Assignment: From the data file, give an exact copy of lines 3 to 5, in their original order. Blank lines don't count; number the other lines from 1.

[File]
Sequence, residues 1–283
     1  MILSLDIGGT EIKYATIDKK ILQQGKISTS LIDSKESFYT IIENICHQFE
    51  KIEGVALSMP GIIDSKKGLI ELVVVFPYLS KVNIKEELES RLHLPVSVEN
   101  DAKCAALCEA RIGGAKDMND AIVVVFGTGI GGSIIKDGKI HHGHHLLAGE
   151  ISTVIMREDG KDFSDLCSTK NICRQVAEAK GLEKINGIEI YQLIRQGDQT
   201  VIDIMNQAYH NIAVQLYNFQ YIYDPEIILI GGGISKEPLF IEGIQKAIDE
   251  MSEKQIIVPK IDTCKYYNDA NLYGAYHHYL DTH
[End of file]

    51  KIEGVALSMP GIIDSKKGLI ELVVVFPYLS KVNIKEELES RLHLPVSVEN
   101  DAKCAALCEA RIGGAKDMND AIVVVFGTGI GGSIIKDGKI HHGHHLLAGE
   151  ISTVIMREDG KDFSDLCSTK NICRQVAEAK GLEKINGIEI YQLIRQGDQT